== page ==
Directors encouraged the authorities to strengthen the oversight capacity and independence of the bank supervisory authority. In this regard, they welcomed the ongoing efforts to improve banking supervision and the decision to consider improvements in the legal framework for supervision of non-bank financial institutions. They also welcomed the authorities' efforts to combat money laundering and the financing of terrorism, and the authorities' decision to include a collective action clause in their last bond.

Directors urged the authorities to continue to give consideration to phasing out the existing import restrictions by converting them into tariffs, which will improve resource allocation, increase revenues, and reduce administrative costs. In view of the anticipated loss of Belize's preferential trade access for sugar and banana exports, Director underscored the importance of continuing strong efforts to improve competitiveness and diversify the export base. They welcomed the progress on privatization.

While welcoming recent improvements in Belize's statistical base, Directors encouraged the authorities to continue to work—with Fund technical assistance—to improve the quality and timeliness of data reporting, including by developing a set of high frequency indicators.


Belize: Selected Economic Indicators


 

1999

2000

2001

2002

2003


           

(Annual percentage changes)

National income and prices

         

GDP at constant prices

8.7

12.1

4.9

4.3

5.5

Consumer prices (end of period)

-1.2

0.6

1.2

2.3

2.5

Real effective exchange rate

-2.5

1.4

1.9

-0.7

-5.3

 

(Annual changes in percent of liabilities to the private sector at beginning of period)

           

Money and credit

         

Credit to the private sector 1/

7.4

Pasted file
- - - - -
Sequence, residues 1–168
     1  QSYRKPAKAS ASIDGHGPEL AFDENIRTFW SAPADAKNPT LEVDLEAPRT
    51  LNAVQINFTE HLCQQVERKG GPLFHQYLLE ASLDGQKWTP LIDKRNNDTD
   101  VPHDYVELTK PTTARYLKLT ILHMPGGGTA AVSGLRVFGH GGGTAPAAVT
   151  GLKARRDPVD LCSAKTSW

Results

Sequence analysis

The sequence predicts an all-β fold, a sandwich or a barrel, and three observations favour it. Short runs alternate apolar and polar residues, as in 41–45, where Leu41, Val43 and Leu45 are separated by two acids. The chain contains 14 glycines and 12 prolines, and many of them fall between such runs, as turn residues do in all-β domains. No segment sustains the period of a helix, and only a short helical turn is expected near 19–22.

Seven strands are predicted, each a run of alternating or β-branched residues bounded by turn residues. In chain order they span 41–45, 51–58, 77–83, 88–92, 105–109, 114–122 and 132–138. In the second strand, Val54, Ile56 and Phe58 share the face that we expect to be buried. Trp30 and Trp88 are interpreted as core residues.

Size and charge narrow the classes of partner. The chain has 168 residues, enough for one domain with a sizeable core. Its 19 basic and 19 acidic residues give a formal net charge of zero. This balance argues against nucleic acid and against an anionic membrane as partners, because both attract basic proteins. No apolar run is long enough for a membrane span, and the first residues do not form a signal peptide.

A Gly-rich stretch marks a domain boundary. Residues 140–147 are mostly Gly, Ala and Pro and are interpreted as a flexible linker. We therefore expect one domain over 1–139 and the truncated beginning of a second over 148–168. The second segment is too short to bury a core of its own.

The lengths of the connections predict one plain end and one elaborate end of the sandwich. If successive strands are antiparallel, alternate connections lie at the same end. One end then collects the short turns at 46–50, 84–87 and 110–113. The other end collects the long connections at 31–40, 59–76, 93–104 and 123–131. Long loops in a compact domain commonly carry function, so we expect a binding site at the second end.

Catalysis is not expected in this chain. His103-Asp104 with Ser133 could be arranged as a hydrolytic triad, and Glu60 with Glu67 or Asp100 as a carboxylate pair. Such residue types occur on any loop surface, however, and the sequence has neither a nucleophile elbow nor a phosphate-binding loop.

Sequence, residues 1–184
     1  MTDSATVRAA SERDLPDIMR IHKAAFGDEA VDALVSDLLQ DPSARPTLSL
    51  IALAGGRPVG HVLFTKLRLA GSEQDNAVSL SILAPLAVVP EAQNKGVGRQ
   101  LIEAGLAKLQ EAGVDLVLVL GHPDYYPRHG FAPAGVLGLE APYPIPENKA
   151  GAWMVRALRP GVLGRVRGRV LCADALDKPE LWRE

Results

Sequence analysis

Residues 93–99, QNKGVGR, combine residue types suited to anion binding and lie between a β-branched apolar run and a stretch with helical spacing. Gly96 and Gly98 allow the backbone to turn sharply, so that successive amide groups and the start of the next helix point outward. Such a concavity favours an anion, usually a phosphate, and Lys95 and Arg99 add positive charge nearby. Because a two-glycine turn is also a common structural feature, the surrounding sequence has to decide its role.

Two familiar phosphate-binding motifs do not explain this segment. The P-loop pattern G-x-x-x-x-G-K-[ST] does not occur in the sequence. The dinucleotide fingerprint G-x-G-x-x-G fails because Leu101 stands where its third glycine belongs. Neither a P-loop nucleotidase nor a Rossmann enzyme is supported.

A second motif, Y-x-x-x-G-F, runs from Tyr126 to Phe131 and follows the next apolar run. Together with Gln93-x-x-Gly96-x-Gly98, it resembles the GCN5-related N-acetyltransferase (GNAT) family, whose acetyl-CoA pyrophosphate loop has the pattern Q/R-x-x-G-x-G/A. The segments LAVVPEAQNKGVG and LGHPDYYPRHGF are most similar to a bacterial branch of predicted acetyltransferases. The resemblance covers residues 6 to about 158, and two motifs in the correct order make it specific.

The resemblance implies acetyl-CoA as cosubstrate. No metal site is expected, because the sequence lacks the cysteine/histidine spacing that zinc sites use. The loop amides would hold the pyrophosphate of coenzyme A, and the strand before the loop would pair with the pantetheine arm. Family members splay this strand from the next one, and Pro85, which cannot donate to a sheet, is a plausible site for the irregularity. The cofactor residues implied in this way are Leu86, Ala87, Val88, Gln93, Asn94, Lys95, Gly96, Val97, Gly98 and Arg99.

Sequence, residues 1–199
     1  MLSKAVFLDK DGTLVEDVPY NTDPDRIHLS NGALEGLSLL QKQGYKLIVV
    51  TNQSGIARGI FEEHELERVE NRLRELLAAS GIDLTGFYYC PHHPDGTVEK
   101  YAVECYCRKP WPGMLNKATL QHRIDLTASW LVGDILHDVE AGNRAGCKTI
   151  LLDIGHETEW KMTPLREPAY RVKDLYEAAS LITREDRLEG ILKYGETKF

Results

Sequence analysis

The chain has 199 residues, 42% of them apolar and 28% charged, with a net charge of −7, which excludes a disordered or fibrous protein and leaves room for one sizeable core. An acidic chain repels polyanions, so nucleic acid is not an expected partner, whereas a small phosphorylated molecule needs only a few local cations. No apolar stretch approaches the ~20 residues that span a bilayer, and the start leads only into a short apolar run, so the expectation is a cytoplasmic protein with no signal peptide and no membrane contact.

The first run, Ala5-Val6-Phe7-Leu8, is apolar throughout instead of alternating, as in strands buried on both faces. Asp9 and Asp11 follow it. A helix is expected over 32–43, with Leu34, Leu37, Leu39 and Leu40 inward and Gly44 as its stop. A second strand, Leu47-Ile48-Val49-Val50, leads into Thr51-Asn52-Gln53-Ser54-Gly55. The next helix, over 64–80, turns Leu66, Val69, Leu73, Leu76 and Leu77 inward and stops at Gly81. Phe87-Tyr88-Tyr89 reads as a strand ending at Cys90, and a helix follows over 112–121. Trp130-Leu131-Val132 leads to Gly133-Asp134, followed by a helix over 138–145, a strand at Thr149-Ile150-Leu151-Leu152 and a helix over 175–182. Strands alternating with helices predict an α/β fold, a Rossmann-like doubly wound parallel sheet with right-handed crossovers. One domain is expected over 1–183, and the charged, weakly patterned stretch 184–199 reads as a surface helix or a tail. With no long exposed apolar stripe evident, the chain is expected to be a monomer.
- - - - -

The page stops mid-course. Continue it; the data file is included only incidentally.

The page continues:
25.0

16.8

18.1

12.2

Money and quasi-money (M2)

10.4

14.1

9.1

2.3

7.9

           

(In percent of GDP)

           

Central government 2/

         

Primary balance

-3.6

-7.3

-6.7

-5.8

-4.5

Overall balance

-5.6

-9.7

-9.8

-9.6

-8.1

Central government borrowing requirement

5.6

6.2

9.5

7.1

7.2

           

External sector

         

External current account 3/

-9.7

-18.7

-18.0

-17.2

-15.8

Public and publicly guaranteed debt 4/

48.2

71.6

84.6

88.0

92.2

           

In percent of exports of goods and services 5/

8.4

16.6

21.7

40.2

22.0

In percent of government current revenue 6/

19.2

22.5

26.1

46.7

29.5


Sources: Belize authorities; and IMF staff estimates and projections.

1/ Comprises credit by commercial banks and the Development Finance Corporation.
2/ Fiscal year starts on April 1.
3/ Including official grants.
4/ End of period.
5/ Public external debt. Includes refinancing operations in 2002.
6/ Central government debt. Includes refinancing operations in 2002.


1 Under Article IV of the IMF's Articles of Agreement, the IMF holds bilateral discussions with members, usually every year. A staff team visits the country, collects economic and financial information, and discusses with officials the country's economic developments and policies. On return to headquarters, the staff prepares a report, which forms the basis for discussion by the Executive Board. At the conclusion of the discussion, the Managing Director, as Chairman of the Board, summarizes the views of Executive Directors, and this summary is transmitted to the country's authorities.